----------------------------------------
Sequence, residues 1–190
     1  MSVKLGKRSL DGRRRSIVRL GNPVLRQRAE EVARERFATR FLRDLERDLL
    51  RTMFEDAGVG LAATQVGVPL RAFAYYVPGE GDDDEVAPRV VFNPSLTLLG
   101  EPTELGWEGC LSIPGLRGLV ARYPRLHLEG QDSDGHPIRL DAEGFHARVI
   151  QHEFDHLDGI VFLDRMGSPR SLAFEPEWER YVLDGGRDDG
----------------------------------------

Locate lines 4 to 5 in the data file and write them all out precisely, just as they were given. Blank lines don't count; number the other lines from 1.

   101  EPTELGWEGC LSIPGLRGLV ARYPRLHLEG QDSDGHPIRL DAEGFHARVI
   151  QHEFDHLDGI VFLDRMGSPR SLAFEPEWER YVLDGGRDDG